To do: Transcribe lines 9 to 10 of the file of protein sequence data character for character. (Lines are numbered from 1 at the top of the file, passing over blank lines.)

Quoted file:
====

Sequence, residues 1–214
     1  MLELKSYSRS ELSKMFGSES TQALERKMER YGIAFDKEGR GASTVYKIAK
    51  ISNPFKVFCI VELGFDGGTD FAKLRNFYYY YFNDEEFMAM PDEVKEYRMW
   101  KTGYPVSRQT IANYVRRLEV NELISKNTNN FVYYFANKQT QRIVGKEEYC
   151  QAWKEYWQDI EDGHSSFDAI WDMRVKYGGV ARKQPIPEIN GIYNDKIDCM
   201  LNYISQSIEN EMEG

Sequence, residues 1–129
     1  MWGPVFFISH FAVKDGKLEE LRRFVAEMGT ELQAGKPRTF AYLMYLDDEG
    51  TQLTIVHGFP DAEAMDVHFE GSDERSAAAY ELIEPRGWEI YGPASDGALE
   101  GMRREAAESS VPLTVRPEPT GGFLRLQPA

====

    51  TQLTIVHGFP DAEAMDVHFE GSDERSAAAY ELIEPRGWEI YGPASDGALE
   101  GMRREAAESS VPLTVRPEPT GGFLRLQPA